VMS at NDSU
As a department, our main concerns are exploring novel research and sharing with students our fascination and knowledge of dynamic disciplines in microbiology, including: bacteriology, epidemiology, fungal biology, immunology, molecular biology, parasitology, and virology. We work to achieve excellence in these areas by creating a student-centered environment that values diversity and encourages discovery, ingenuity, integrity, and collegiality.
VMS Research Highlights
Fisher research featured
The Fisher lab uses cockroaches to understand how pathogens like Stenotrophomonas maltophilia cause diseases like cystic fibrosis...and everyone seems to be interested in this model system these days. Their research was recently featured in the NDSU Spectrum and here on WDAY TV.
Master's student, Meredith Irsfeld, recently received an Honorable Mention in the national NSF Graduate Research Fellowship Program. Meredith works in Dr. Birgit Pruess's lab and studies chemicals that inhibit biofilm formation.
Bergholz research featured
The North Dakota Agricultural Experiment Station recently released its 2013 Annual Highlights. Dr. Teresa Bergholz's research is featured on page 5 in an article called, "Researchers Work to Make Food Safer." The story centers on the work that Master's student, Deepti Tyagi, and research specialist, Julie Sherwood, are doing to understand how foodborne pathogens survive on lettuce after harvesting and packaging.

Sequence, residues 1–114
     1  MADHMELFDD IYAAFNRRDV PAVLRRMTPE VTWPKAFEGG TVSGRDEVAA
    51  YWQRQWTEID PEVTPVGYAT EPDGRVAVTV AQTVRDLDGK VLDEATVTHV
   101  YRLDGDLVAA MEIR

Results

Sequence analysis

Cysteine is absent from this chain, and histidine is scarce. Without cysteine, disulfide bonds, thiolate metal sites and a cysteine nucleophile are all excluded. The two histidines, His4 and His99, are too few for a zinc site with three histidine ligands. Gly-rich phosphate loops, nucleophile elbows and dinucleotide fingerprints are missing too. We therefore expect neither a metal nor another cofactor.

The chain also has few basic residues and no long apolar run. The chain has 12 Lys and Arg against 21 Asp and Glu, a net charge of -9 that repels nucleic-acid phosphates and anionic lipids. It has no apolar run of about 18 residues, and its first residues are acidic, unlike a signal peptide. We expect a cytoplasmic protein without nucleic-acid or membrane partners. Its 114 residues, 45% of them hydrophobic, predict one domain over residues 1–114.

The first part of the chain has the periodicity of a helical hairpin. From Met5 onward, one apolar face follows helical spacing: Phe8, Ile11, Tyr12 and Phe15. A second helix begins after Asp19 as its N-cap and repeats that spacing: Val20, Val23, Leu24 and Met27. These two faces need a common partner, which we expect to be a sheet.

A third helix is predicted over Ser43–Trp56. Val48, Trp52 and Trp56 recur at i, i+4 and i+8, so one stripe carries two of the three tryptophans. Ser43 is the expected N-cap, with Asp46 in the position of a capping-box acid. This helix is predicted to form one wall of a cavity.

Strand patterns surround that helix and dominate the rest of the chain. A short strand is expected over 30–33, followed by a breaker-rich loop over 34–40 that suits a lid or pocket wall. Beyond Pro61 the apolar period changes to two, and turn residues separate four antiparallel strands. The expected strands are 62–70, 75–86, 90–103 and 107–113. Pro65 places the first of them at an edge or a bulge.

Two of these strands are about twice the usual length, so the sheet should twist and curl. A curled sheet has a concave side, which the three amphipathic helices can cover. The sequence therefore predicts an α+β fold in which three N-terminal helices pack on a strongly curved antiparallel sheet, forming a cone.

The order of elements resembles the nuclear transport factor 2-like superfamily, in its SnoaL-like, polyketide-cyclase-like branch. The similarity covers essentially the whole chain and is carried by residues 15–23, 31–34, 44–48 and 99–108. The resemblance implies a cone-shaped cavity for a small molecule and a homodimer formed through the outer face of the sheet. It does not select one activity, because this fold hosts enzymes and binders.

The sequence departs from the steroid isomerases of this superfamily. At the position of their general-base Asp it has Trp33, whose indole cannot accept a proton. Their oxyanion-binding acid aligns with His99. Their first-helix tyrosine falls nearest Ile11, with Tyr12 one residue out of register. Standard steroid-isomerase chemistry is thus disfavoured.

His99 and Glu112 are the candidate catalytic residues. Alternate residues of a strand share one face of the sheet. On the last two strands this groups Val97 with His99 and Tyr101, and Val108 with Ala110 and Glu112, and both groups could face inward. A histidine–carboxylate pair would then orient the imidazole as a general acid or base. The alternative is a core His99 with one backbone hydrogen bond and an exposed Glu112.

Micro in the News
Flashback: archaea revealed!
This month, The Scientist published an interesting story about the technique that made possible Carl Woese’s discovery of Domain Archaea. George Fox, professor of biology and biochemistry at the University of Houston, who was a postdoc in the Woese lab at the time of the discovery, argues that if modern sequencing techniques had been used, the archaea would have been missed and would have been classified as “an odd niche of bacteria.” Image License.
Chasing a fungal pathogen
mBiosphere recently published a fun profile of June Kwon-Chung, chief of the Molecular Microbiology Section in the Laboratory of Clinical Infectious Disease at NIAID. She has spent the last 40 years hunting, and then trying to understand, a species of the fungus, Cryptococcus, called gattii. While its sister fungus, C. neoformans mostly infects AIDS patients, C. gattii, usually only infects healthy people. It turns out these people aren’t quite as healthy as initially thought, and Kwon-Chung explains why in a recent mBiosphere paper. Image Source: Nephron. Image License.